10 British Foods Americans Love

Some British food makes us scratch our heads, but some just makes us want to eat
Yorkshire Pudding

Photo Modified: Flickr / Arnold Gatilao / CC BY 4.0

Yorkshire pudding is a popular component of Sunday roast.

From the Shetland Islands in the north to the Isle of Scilly in the south and from the North Sea in the east to the Irish Sea and the North Atlantic in the west, Great Britain spans an area of more than 80,000 square miles, with a temperate climate and a host of regional cultures. That means a host of regional cuisines, including dishes so obscure that even most Londoners will not have heard of them. Some British specialties (haggis, anyone?) frankly bewilder Americans, but many others — whether regional or universal — speak our language at the table.

Here are 10 British foods Americans love.

Potatoes, eggs, sausage, melted cheese — these are foods we all love, and the British way of enjoying them, while it's sometimes a little different than ours would be on this side of the Atlantic (we eat mashed potatoes and we eat Brussels sprouts, but we don't generally combine them), can be downright irresistible. Here are ten typical British foods that Americans love.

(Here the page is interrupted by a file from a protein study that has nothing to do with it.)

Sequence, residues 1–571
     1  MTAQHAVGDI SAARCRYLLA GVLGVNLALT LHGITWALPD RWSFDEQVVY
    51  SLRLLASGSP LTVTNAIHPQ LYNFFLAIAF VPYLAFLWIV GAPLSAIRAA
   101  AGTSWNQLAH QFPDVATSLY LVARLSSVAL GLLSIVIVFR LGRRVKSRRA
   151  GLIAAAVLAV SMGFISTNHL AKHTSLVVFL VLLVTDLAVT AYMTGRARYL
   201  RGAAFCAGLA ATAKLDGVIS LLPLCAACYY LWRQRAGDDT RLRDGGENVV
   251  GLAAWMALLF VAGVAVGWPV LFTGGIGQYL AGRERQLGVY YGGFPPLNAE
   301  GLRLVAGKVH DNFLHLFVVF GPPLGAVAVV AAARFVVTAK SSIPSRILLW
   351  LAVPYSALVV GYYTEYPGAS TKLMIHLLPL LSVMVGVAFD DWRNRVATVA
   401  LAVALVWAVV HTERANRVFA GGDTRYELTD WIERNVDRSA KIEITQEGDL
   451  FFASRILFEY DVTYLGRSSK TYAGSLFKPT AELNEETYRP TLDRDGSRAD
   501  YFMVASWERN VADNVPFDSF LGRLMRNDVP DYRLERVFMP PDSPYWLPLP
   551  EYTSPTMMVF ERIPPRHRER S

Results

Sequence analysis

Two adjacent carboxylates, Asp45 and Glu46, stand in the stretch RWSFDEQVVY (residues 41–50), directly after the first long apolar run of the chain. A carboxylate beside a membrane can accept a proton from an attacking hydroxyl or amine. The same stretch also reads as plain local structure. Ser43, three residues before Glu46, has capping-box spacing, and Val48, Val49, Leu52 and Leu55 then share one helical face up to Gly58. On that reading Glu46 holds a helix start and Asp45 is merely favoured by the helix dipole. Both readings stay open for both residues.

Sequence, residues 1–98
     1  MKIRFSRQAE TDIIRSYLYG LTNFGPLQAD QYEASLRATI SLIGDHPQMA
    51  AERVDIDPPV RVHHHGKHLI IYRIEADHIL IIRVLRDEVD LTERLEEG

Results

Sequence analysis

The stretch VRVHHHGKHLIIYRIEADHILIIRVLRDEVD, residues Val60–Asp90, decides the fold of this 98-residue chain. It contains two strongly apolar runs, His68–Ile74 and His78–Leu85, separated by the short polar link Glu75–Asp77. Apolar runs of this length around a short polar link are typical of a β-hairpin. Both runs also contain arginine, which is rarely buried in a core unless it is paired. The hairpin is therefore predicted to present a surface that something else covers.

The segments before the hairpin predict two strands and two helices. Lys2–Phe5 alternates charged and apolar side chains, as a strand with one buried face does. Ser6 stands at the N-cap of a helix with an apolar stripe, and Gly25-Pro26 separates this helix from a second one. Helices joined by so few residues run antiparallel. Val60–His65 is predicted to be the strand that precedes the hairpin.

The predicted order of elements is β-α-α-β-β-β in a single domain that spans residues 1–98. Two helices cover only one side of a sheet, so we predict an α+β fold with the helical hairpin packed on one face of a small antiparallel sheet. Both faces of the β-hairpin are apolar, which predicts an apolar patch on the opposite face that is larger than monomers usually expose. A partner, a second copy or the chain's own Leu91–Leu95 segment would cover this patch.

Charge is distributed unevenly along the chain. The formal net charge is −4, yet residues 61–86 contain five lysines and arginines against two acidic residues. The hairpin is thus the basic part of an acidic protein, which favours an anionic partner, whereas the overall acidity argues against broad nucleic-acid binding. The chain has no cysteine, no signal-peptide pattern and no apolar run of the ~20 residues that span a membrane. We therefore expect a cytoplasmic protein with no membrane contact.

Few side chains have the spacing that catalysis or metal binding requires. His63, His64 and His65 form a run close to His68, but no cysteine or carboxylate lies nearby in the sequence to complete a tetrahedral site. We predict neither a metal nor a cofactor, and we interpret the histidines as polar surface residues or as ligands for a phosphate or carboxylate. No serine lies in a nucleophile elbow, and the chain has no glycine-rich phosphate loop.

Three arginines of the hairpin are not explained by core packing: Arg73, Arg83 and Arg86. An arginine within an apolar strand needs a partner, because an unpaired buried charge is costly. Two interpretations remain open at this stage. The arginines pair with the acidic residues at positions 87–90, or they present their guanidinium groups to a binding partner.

Bangers and Mash

Bangers and Mash

Photo Modified: Flickr / @LIQUIDBONEZ / CC BY-SA 4.0

Bangers and mash is a pub favorite.

This pub favorite consists of mashed potatoes, sausages, gravy, and onions — what's not to like? The term bangers comes from the fact that some English sausages (especially the cheaper ones) split open with a pop as they're fried.

Bubble and Squeak

Bubble and Squeak


Bubble and squeak is a popular dish made from leftovers.


Bubble and squeak sounds like something the lovably odd headmaster in the Harry Potter fantasy series would say, but it’s actually a popular English dish made with the fried vegetable leftovers from a roast dinner. The recipe principally includes potatoes and Brussels sprouts, but any other leftover vegetable can also be included.